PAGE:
Hiveswap: Act 1 review — a very internet adventure game based on the hit webcomic Homestuck

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It’s been more than eight years since Andrew Hussie first created his sprawling, self-referential, surreal webcomic Homestuck. It captured the hearts and imaginations of Tumblr, inspired cosplayers and fanart, and once crashed Newgrounds because over a million people swarmed to view Hussie’s upload of a single-page update. Suffice it to say, its fanbase was massive.

Its run was punctuated with occasional hiatuses and “gigapauses,” and in the midst of all that, Hussie launched a Kickstarter campaign in 2012 for a Homestuck video game: Hiveswap. It raised nearly $2.5 million. It’s developed by What Pumpkin Games, and now it’s finally here.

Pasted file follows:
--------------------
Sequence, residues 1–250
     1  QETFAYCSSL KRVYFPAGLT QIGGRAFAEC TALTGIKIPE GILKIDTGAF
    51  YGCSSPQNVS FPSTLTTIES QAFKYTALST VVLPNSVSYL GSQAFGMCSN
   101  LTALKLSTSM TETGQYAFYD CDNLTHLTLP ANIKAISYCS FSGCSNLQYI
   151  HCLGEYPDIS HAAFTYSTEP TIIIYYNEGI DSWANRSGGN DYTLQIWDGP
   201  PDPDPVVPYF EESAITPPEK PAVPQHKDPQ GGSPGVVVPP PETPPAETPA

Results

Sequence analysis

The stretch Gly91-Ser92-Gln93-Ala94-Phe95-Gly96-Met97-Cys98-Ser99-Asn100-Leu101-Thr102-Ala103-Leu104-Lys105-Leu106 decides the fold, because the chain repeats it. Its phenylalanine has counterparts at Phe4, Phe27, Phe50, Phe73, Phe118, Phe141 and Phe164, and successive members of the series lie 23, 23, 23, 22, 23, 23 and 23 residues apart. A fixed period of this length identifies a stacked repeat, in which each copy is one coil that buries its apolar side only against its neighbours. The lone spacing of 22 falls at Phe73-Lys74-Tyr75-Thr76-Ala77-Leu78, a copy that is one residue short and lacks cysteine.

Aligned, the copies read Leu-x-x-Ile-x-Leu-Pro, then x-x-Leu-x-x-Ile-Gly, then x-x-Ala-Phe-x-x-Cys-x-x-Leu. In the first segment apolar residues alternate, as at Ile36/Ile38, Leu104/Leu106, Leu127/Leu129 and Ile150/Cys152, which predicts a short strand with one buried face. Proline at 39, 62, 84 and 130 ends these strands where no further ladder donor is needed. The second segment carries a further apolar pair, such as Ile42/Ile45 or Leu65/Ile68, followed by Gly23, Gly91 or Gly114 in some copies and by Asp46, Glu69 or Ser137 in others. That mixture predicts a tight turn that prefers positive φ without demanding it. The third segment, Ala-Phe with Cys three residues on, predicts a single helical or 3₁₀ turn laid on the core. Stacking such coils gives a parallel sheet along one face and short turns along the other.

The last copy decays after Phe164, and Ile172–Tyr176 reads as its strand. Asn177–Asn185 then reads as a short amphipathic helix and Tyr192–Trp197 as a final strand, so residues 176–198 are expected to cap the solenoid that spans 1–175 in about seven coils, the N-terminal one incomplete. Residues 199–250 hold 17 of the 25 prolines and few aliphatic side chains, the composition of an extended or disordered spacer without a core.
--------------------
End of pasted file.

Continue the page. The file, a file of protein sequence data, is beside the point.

Check out our Reviews Vault for past game reviews.

I don’t know much about Homestuck. I know that it exists, like I know oxygen exists. I always viewed it as kind of an inescapable force of nature on the Internet — it was always just there. With Hiveswap, I decided to give its video game incarnation a spin. And if that’s anything to go by, I can understand why it’s developed a massive fanbase.

What you’ll like

Cool teenagers who are not greeting their fellow children

Most of the time, teenagers come across as a little hokey in video games. There’s a lot of “Rad!” and “Totally!” and “The bomb dot com!”s. Hiveswap, on the other hand, nails a pop culture-y personality and teenaged attitude that somehow feels really genuine to me, a 31-year-old.

The protagonist of the game is Joey Claire, a 14-year-old aspiring vet with a chip on her shoulder about her absentee dad and a love for tap-dancing. The quirky cast is rounded out by Jude, her conspiracy-nut younger brother who’s obsessed with The X-Files. Later on, Joey meets Xefros, a good ol’ red-blooded alien butler with mild psychic abilities that enable him to bend spoons — but more on that later.